The Effect of Version Control Systems on Emacs Developers

In November 2014, Emacs switched version control systems from Bazaar (aka bzr) to git.  There were two main reasons: 1) bzr has kinda stopped development, and 2) using a version control system that more people are familiar with might attract more developers.

On the other hand, git is really, really finicky, and bzr is arguably superior to git in many works flows. Perhaps switching to git would scare away some Emacs developers who just couldn’t be bothered?

It’s now April 2015, so five months have passed, and I whipped up a teensy script to tally the number of patch authors per month, and then plotted the results.

The red line denotes the changeover.

First of all, it’s amusing that we have a timeline going back to 1988, but I would suspect that the numbers before, say, 2007 are too low because maintainers would commit patches with themselves as the “author”, I think.  (Edit: Eli Zaretskii says the numbers should be accurate throughout the timeline.)

But the most recent years should be kinda reliable:

Uhm…  Well, attracting droves of new developers didn’t happen, apparently.  Except for the spike the month git was introduced, we’re within the normal range of developers, I think.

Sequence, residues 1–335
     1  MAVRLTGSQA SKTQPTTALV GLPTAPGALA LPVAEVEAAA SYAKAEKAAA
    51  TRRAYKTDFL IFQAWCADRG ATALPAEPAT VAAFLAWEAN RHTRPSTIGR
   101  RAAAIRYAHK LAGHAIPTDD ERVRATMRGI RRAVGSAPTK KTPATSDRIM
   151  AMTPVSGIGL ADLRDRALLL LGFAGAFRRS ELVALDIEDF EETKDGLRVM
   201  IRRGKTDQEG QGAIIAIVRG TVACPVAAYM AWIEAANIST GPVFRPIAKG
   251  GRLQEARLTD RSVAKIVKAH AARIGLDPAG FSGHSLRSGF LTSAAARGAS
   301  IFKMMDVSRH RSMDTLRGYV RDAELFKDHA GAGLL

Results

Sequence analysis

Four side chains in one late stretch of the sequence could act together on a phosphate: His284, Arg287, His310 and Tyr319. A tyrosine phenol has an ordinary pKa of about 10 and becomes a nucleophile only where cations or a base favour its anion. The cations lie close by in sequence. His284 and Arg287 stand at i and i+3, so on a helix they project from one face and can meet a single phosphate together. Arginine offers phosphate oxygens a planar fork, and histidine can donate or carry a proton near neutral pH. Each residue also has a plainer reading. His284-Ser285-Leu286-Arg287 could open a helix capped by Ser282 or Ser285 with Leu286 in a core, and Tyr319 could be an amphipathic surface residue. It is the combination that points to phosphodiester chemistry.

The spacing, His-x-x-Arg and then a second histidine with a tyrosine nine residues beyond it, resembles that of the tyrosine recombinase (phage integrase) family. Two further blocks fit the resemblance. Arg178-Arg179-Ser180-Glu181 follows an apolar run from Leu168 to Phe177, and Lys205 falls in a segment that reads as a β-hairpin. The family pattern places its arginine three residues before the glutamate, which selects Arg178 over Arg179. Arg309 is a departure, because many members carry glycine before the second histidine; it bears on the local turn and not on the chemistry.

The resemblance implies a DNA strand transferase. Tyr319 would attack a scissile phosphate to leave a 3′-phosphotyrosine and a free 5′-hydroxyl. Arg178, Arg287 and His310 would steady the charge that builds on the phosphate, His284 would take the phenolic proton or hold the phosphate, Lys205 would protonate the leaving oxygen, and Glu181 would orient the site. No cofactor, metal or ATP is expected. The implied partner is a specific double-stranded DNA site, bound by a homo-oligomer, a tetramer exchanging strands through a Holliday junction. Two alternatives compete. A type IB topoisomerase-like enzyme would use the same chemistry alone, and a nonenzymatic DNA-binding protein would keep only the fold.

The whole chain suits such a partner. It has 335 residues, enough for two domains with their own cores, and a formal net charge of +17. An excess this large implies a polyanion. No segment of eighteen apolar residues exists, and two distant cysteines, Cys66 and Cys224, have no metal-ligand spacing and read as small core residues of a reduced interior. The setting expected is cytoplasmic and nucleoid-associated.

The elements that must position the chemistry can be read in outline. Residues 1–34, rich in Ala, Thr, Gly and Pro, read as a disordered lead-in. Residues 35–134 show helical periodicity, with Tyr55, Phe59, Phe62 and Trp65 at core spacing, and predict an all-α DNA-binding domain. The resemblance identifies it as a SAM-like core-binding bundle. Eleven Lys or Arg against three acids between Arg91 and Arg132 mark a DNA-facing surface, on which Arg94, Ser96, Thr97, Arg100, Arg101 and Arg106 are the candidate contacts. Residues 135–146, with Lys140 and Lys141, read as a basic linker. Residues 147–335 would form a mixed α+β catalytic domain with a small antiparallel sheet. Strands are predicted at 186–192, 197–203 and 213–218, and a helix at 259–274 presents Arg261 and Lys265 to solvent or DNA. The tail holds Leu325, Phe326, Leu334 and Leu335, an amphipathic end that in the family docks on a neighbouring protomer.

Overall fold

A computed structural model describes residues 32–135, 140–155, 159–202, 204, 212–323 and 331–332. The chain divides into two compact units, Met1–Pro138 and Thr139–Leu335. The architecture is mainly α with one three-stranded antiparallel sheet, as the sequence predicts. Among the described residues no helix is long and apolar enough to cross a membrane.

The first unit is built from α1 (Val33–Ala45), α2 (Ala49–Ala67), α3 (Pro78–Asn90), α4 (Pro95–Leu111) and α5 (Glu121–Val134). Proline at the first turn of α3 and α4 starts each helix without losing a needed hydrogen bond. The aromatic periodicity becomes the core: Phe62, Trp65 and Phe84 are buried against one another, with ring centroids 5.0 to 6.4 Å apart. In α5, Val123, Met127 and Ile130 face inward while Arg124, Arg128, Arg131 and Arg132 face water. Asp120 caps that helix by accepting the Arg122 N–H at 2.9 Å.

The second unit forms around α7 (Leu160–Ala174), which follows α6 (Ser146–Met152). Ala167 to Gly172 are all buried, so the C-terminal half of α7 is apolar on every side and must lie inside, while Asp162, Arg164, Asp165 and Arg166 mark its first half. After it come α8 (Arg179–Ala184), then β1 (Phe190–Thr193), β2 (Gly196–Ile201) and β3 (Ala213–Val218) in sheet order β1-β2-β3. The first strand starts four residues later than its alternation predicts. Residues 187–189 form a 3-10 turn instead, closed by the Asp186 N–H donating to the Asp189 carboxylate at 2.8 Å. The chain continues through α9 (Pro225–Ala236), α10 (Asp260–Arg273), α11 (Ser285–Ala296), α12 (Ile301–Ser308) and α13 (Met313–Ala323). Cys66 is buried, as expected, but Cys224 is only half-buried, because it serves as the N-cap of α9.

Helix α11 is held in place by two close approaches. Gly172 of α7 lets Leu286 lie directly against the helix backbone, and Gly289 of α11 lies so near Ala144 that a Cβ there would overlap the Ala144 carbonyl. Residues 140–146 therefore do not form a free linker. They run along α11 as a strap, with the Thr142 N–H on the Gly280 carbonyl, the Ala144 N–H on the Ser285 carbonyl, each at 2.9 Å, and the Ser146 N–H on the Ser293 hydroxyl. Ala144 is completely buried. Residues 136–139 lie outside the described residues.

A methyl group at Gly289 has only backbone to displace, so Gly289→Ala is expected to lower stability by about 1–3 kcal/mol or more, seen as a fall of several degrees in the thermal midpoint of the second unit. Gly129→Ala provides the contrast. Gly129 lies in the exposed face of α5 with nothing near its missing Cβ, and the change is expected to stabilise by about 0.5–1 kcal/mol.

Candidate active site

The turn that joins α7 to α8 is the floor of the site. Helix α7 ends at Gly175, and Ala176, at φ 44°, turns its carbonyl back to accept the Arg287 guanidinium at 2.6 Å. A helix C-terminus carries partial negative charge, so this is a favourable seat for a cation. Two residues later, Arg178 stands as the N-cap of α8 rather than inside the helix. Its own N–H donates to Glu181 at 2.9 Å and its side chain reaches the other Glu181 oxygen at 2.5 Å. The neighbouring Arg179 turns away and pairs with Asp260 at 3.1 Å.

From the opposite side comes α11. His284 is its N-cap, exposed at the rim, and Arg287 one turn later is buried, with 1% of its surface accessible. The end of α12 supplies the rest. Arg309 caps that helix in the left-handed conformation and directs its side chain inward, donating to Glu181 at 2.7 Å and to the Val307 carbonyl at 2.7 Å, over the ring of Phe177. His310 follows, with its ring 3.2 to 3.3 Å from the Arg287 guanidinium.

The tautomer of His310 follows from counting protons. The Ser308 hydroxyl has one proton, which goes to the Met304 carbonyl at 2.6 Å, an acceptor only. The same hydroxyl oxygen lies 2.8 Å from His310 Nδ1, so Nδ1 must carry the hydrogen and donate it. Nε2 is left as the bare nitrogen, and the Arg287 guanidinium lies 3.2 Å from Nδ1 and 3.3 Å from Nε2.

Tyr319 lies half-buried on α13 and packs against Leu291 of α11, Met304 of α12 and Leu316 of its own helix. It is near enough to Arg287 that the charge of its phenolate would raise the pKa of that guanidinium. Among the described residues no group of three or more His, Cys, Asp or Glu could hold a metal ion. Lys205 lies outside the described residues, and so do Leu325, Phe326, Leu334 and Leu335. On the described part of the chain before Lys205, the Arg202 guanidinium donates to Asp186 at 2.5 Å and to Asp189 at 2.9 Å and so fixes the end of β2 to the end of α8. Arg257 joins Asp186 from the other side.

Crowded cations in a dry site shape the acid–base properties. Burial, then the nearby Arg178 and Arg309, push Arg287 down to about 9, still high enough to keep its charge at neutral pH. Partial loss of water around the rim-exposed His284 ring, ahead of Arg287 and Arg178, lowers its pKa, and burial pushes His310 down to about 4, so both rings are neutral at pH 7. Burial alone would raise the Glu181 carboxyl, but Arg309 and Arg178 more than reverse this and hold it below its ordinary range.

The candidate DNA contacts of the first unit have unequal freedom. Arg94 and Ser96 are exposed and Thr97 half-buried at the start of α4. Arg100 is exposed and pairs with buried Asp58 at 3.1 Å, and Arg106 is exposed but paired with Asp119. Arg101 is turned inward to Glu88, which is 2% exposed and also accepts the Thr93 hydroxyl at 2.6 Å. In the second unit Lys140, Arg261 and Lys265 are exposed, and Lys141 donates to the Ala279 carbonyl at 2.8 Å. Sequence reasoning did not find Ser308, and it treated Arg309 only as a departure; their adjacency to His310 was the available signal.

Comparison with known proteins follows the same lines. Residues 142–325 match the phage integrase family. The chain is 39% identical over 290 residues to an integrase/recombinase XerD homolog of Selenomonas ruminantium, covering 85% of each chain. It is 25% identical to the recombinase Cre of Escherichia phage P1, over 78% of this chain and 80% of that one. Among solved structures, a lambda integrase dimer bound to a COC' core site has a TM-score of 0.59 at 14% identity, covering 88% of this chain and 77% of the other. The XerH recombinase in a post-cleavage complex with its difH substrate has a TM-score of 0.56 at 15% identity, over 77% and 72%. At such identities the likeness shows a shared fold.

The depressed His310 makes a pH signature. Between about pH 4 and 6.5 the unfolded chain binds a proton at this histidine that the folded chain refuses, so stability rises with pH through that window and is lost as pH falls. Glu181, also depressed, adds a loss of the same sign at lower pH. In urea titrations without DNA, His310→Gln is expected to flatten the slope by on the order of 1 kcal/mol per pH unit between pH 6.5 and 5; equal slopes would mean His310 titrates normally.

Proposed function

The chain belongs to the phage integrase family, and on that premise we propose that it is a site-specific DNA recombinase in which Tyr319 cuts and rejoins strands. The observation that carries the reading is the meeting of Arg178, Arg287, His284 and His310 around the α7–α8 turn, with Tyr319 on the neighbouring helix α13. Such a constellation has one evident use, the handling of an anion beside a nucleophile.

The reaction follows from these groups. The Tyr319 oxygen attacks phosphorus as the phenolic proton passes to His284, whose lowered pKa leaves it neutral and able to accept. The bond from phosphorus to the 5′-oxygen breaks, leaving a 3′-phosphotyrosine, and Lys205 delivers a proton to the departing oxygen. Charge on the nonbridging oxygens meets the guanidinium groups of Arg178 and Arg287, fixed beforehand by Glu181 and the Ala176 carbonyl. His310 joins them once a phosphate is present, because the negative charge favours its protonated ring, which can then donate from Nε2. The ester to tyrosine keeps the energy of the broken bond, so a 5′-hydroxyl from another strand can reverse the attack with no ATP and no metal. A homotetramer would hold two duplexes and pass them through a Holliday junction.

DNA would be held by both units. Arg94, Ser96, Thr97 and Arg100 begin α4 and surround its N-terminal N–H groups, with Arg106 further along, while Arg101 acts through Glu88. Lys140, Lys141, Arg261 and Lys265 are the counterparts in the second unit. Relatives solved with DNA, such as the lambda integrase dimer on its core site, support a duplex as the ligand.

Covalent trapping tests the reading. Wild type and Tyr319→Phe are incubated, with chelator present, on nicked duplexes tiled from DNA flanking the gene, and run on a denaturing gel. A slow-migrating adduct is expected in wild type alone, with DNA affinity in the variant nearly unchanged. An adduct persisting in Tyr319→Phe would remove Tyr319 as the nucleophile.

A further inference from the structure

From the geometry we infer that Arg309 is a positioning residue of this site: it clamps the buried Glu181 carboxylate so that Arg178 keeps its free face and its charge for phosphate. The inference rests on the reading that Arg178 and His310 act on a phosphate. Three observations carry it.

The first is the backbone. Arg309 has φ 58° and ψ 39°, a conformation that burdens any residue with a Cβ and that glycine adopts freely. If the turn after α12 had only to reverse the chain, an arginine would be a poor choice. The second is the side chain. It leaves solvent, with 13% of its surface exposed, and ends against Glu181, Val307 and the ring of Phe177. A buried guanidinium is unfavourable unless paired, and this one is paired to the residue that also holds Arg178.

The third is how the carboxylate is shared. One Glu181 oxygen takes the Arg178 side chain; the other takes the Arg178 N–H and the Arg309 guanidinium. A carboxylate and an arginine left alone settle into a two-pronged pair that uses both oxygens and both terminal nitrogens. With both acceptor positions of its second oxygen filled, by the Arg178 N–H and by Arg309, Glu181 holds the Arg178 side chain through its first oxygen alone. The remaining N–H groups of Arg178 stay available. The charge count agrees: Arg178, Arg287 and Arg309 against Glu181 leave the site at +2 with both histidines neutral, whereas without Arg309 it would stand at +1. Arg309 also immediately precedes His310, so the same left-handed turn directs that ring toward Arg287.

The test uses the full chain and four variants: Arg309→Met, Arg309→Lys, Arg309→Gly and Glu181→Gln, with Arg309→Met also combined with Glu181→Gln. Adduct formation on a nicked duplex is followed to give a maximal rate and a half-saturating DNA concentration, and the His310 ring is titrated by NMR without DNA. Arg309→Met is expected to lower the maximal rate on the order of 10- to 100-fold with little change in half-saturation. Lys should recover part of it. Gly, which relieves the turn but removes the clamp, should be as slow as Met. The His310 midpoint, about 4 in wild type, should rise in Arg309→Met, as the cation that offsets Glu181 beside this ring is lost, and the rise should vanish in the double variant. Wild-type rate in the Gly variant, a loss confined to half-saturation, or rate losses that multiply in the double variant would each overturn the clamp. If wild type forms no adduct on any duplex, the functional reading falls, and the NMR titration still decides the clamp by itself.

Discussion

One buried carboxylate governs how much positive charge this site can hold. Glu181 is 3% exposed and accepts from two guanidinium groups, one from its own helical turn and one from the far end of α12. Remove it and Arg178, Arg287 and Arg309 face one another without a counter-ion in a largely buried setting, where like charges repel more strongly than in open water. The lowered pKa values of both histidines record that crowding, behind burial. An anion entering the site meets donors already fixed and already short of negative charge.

Anything interesting pop up if we count commits per month instead of contributors per month?

Not really — same story.

What about the number of people who commit patches to the Emacs repository?

That does look like a possible uptick.

So…  was the changeover worth it?  Probably.  But the impact was a bit over-sold on both sides, I think.

3 thoughts on “The Effect of Version Control Systems on Emacs Developers”

  1. Super cool that you put this together!

    Given the amount of variance in the ‘Contributors per Month’ data + the fact that all potential contributors won’t immediately know that the changeover happened, it might take a while to see any (potential) gains.

    That said—and speaking as a contributor of *a couple* commits—there are still some big barriers to contribution, and I think we’d see a big increase in contributors if we removed them. Viz., (1) submitting patches via email is rather foreign to a generation of developers growing up with GitHub (and similar), (2) the contribution guidelines, while extensive, aren’t exactly beginner-friendly (IMHO), (3) the ChangeLog situation is out of control (per-directory ChangeLogs? Is this necessary? Feels cargo-culty at this point.), (4) Copyright assignment (not much to be done there though).

    1. The ChangeLogs are gone now, so that helps a bit. But the way we’re supposed to format the git commit messages may still seem pretty weird to most people…

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